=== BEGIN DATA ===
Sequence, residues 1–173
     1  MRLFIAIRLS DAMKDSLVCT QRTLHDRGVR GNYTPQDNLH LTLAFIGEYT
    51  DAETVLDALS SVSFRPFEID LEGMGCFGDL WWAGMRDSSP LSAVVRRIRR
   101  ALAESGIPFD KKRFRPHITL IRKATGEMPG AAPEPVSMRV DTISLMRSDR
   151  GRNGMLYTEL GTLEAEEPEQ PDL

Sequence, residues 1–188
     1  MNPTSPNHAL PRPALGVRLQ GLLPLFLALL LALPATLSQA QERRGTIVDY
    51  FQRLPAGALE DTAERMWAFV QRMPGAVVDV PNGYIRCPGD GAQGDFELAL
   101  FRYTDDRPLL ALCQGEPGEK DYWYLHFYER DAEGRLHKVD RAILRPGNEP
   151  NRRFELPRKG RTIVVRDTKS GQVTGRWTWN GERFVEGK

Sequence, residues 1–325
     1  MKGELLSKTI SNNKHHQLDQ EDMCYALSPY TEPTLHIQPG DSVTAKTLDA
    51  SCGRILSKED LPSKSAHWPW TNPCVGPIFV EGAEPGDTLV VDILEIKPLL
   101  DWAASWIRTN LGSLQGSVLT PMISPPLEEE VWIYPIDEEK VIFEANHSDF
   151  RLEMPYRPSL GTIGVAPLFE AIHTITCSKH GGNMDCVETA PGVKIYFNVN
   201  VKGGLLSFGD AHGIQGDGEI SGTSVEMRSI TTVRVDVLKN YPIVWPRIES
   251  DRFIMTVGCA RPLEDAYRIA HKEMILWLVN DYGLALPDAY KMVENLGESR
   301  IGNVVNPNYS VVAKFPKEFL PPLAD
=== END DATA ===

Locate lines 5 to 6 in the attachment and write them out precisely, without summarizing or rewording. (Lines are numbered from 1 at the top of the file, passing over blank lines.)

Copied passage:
   151  GRNGMLYTEL GTLEAEEPEQ PDL

Sequence, residues 1–188